April 5th, 2017

So, I made phone calls and sent emailS regarding the impending passage of Trumpcare on 23 and 24 March encouraging my member of congress in the House of Representatives. I encouraged Rep. Jim Renacci, to stand up and not throw thousands of his constituents, including veterans, under the bus by replacing the Affordable Care Act with the Draconian Trumpcare monstrosity. Trumpcare did not come to a vote, which President Donald John Trump hilariously blamed on the Democrats, and Renacci was seemingly let off the hook. This evening I received this response:

April 5, 2017

Dear Jeff,

Thank you for contacting me regarding the American Health Care Act. Your views are important to me as I work to effectively represent you and Ohio’s 16th Congressional District.

Like you may have been aware, I was frustrated with the process behind The American Health Care Act and wanted to take some time to outline what happened with a failed vote.

The AHCA was introduced to repeal the Affordable Care Act and replace it with a patient-centered healthcare system. Most importantly, it would have repealed the punitive individual and employer mandate, enhanced and expanded the use of Health Savings Accounts, and replaced Obamacare’s subsidies with an age-based, advanceable, refundable tax credit for those who do not qualify for job-based coverage, Medicare, or Medicaid.

Now, what happened—We have 435 members who all believe they have a better idea or solution. Everyone thinks they have a better idea, but no one wants to agree on a solution. The President did a tremendous job negotiating with lawmakers to find a solution. However, one caucus wanted even more. They then asked to include the repeal of Title I provisions, such as denying coverage based on pre-existing conditions, allowing children to stay on their parents insurance until they turn 26, and annual limits on healthcare. These ever changing negotiations, compounded with the distrust of House leadership’s guidance on what could be included in the first step to repeal and replace Obamacare, caused the process known as reconciliation to fail.

However, this is only part one of a three part series. In part two, the Department of Health and Human Services would have lifted many of the layers of regulations that Obamacare has imposed on our physicians and providers. The final part of our reform would have included additional bills to further stabilize the markets and decrease premiums. It is important to realize that a repeal and replace without going through reconciliation required 60 votes in the Senate. When the House passed a repeal in past years, it was never taken up by the Senate.

The best way to understand this convoluted process is to explain what reconciliation is. Most of you know the word to mean ‘the act of getting two things to be compatible with one another.’ However, that’s classically impossible on Capitol Hill. So, for us members, we use the term as a special legislative process intended to help make tax and spending changes. Each year, the House and Senate pass a budget, or at least we work to do so. Within the budget is a tool that allows certain changes, not policy changes, to be made with a simple majority vote in the Senate. This budget maneuver is how we planned on repealing Obamacare. We were using reconciliation as a first step, removing taxes and some mandates that are causing premiums to skyrocket and then replacing this with the AHCA. This process only needed 216 House members and 51 senators to occur, and remember, it was only the first step of a three step process.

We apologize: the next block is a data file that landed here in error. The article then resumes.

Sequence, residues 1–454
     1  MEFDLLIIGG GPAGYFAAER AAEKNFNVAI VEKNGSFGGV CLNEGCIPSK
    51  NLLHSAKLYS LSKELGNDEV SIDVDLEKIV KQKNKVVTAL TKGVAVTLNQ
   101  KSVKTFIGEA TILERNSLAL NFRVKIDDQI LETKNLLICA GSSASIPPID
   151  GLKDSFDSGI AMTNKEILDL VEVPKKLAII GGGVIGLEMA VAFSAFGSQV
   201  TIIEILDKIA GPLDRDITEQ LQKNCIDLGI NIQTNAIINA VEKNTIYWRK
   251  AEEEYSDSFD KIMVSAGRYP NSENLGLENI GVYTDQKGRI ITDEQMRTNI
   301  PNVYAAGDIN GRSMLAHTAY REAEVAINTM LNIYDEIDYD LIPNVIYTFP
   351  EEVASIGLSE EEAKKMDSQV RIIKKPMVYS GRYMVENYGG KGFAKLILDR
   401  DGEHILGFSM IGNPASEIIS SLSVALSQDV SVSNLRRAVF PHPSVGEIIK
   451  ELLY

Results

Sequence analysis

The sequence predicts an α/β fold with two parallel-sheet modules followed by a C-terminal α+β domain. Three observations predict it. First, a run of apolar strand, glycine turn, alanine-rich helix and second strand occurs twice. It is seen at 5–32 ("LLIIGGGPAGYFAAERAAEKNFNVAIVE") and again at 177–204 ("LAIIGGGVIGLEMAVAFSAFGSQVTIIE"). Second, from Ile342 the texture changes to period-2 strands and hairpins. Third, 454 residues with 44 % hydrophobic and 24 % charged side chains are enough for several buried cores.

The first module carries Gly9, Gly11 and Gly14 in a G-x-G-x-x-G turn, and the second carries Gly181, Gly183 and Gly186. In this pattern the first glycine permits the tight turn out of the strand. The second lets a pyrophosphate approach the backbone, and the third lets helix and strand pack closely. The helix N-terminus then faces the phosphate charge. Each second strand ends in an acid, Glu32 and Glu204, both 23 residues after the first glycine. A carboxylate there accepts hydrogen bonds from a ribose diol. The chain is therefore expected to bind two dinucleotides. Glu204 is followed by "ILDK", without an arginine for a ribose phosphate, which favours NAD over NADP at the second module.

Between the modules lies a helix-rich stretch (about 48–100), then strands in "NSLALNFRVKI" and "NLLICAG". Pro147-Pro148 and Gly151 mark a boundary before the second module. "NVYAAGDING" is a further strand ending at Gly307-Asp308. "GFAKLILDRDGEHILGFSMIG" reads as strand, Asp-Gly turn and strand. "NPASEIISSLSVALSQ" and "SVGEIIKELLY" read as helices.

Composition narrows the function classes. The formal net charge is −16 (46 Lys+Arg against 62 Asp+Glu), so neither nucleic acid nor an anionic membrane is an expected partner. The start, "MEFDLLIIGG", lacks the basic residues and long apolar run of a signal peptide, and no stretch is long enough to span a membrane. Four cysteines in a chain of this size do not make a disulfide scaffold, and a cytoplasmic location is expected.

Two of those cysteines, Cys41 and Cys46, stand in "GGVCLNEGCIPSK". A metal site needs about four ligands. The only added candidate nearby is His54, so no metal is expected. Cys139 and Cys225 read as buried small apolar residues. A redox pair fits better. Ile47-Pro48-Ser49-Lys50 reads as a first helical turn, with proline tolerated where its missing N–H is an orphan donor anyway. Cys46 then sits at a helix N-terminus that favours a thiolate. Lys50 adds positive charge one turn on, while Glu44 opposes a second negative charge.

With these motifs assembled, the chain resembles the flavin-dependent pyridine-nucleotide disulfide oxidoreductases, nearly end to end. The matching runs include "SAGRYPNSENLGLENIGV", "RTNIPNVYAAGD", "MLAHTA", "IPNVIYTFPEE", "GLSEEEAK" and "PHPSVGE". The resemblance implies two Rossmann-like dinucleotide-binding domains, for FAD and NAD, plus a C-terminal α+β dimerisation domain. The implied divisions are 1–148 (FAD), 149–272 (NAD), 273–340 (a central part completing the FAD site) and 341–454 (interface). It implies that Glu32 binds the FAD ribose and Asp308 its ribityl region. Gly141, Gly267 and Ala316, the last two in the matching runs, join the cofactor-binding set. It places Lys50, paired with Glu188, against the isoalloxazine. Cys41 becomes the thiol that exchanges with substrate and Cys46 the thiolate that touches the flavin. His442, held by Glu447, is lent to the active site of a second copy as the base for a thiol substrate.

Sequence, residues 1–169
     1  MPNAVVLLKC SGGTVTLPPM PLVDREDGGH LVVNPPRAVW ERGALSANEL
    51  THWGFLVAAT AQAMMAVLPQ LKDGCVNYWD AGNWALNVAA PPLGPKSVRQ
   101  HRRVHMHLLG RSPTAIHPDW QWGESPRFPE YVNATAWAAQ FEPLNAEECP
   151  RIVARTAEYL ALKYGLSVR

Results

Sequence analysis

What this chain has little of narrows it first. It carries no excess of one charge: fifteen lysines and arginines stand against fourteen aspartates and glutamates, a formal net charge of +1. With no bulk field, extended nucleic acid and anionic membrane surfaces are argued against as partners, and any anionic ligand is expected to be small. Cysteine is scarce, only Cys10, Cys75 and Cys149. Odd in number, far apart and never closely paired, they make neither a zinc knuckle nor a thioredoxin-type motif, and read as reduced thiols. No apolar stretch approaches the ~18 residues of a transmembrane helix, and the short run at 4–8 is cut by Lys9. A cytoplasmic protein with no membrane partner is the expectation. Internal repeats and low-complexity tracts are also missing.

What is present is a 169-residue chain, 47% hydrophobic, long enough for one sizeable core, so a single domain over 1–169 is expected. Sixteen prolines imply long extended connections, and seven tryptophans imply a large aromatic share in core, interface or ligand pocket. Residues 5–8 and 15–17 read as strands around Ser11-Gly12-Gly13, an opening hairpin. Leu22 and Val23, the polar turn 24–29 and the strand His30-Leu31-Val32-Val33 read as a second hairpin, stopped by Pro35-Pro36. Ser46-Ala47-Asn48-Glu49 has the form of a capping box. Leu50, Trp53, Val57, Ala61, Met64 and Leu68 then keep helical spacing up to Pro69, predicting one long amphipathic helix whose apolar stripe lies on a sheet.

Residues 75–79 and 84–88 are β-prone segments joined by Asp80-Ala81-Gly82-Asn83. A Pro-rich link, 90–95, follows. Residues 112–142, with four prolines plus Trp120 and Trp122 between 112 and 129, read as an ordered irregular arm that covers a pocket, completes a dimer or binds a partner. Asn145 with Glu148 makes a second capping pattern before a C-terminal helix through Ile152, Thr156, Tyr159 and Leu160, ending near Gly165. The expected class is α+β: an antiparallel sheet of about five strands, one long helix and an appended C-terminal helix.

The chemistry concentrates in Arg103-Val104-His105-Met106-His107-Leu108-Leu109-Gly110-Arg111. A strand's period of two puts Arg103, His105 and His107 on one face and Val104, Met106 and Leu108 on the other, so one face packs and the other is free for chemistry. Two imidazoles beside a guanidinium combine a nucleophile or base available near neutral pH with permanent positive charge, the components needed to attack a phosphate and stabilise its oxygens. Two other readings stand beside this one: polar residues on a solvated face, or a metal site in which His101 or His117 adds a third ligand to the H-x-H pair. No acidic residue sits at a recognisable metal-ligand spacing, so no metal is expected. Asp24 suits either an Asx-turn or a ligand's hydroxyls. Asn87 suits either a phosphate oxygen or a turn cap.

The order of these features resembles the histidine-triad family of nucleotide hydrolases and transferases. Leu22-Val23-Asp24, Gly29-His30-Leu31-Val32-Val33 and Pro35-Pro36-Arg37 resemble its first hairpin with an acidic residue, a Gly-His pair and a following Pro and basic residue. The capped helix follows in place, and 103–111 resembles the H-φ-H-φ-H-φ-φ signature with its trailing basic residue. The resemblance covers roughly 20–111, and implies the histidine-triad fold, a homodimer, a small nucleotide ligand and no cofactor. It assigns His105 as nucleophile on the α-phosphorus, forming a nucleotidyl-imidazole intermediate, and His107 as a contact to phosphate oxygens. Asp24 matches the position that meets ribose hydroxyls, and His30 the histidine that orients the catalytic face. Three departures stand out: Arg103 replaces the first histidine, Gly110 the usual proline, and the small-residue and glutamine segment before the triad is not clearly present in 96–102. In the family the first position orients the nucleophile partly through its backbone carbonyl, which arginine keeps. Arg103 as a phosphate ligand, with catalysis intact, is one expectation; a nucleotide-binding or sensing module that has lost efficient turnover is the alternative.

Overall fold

In conclusion, while I supported the bill at the time, I am aware that the legislation is far from perfect and that the process could have been improved drastically. Some will say the AHCA went too far, and others will say the AHCA does not go far enough. Some will say we should have just repealed the ACA without a replacement. However, if Congress proceeded to repeal without a guaranteed replacement, then the insurance markets could be in grave danger with such uncertainty and could only expedite the “death spiral”. It is important to recognize the delicate process and opportunity that we had as Congress to rescue and deliver relief to the American people from the failures of the ACA. Unfortunately, a compromise was not met.

I believe it’s critical that Washington continues working to craft replacement legislation for the ACA, which is currently collapsing and sticking millions of Americans with unaffordable premiums and sham insurance plans that offer no actual care as a result of their astonishingly high deductibles. The American people deserve far better, and I’m committed to continuing this fight on behalf of all of my constituents.

Thank you again for sharing your thoughts with me on this issue. I look forward to continue working on bringing much needed reforms to our broken health care system and bending the cost-curve by addressing the true cost driver of health care in the U.S. In the future I encourage you to visit my website where you can email me any other concerns that you have. If you would like to stay up to date with what I am doing in the 16th District and in Washington, follow me on Facebook and Twitter to receive frequent updates.

170406 renacci signature
Congressman Jim Renacci
Member of Congress


Leave a Reply

To prove you're a person (not a spam script), type the security word shown in the picture. Click on the picture to hear an audio file of the word.
Anti-spam image